Wednesday, June 14, 2017 9:00AM / Deloitte
“Complex regulations in the place of simple – rule capitalism, disrupts market processes and corrupts business processes”
There are multiple regulatory agencies in Nigeria operating on the framework of various laws and practices, with administrative authorities constituted at different levels to enforce compliance. With such plethora of regulatory authorities, overlap and duplicity of functions, operational models, resulting in sometimes multiplicity of charges and bureaucratic bottlenecks become the daily experience of stakeholders. It is therefore not surprising that, based on World Bank’s 2017 Ease of Doing Business Report, Nigeria ranked 169th out of 190 countries (a higher ranking means greater gap from best practice). A summary of the rankings for Nigeria and other African countries is provided below:
The major underlying parameters assessed in arriving at the above rankings include: the procedure, time and cost involved in complying with the above indicators. Therefore, the number of regulatory agencies business entities are subjected to plays a huge role in determining total compliance time, cost and procedures, which ultimately influences the World Bank’s rankings.
There is no gainsaying that an efficient regulatory system and a vibrant economy are two peas in a pod. An effective regulatory system provides an undistorted corporate environment in which large businesses thrive, small enterprises grow and investors participate. Accordingly, streamlining such duplicity and overlap would be crucial to delivering on the “ease of doing business” agenda.
A pertinent question would then be whether Nigeria has a regulatory framework that is nimble, agile, or adaptive enough to unlock its potential for economic growth and development as well as enhance ease of doing business?
In order to improve Nigeria’s regulatory framework, ex-President Goodluck Jonathan inaugurated a seven-member committee on the 18th of August 2011, charged with the responsibility of making recommendations towards the restructuring and rationalization of government parastatals, commissions and agencies1. The Committee, through its White Paper2, made numerous recommendations, chief of which was to slash the number of statutory government agencies by one hundred and two (102). Although some of the committee’s recommendations have been adopted, there is still room to further streamline the operations of multiple agencies.
Highlighted below are some potential considerations to realising such an agenda:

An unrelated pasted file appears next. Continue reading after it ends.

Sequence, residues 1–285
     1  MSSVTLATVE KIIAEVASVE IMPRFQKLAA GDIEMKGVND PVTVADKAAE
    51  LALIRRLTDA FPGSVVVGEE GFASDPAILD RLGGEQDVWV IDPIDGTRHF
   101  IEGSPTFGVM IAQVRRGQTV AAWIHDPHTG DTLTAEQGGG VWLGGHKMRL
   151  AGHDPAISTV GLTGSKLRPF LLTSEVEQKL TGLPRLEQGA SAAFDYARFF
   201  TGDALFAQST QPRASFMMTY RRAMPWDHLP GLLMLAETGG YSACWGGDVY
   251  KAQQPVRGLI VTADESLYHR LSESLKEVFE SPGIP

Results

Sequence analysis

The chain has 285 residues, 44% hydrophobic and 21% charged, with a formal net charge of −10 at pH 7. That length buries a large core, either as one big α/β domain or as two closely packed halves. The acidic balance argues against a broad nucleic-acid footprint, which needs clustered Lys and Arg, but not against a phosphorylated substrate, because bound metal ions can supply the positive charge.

Synchronising regulatory processes
One major solution to curb time spent on multiple regulatory approvals (on similar issues) is to synchronize the registration processes. This could be via a revitalisation of the concept of Onestop-shop where relevant regulators are under one roof and can attend to investor’s queries and processing of approvals. This can also create an avenue for government to obtain constructive feedback from key stakeholders in various industries of the economy.
The Presidential Enabling Business Environment Council (PEBEC) was set up by the Presidency to look into ease of doing business in Nigeria. PEBEC has begun initiating various reforms, e.g. a synchronized process between Federal Inland Revenue Service and Corporate Affairs Commission has been established such that taxpayers can obtain their Tax Identification Number upon incorporation. With the pace of PEBEC, there is evidence of a structured and systemic synchronisation of interrelated regulatory agencies and their processes which should eliminate duplication and thereby reduce the cost of compliance wherever applicable.
Automating registration, compliance processes and business data base
The average investor’s dream of an effective and efficient regulatory environment, is one which makes use of technological innovations to ensure convenience, certainty and cost effectiveness in the compliance process.
It is therefore important that these registration systems are automated to reduce the time taken to get the process completed and the cost incurred during the process. Also, automating the regulatory system in Nigeria would improve compliance processes (annual & monthly filings) for individuals and companies. Thus, reducing compliance burden for companies and individuals.
There are instances where same documents are required by the same regulators. With the automation, it makes it easier for regulators to verify companies’ records, ease approval process and maintain appropriate information bank for other uses.
The above notwithstanding, the role of other stakeholders in managing these regulatory compliance hurdles and ensuring the regulatory compliance journey is without tears cannot be overemphasized.
Investors on their own part are enjoined to seek appropriate guidance from qualified professionals (e.g. Deloitte) to ascertain applicable rules and to avoid business pitfalls, disruptions to business, reputational risks and issues with repatriation of investments.
Professionals are also urged to maintain standard work ethic, demonstrate good industry specific knowledge, and provide adequate regulatory and legislative support to investors so as to make compliance to regulatory requirements easy.
Currently, Nigeria desperately needs more investors and responsible taxable persons paying their taxes to spur growth of the economy. As such, government at all levels should consider adopting mechanisms that will promote business growth and increased investment while ensuring the economic environment is continuously modified to bring about an easy, convenient, seamless and cost effective regulatory system.
The Nigerian business environment narrative must signal ease in all ramifications and not frustration, simplicity and not complications.
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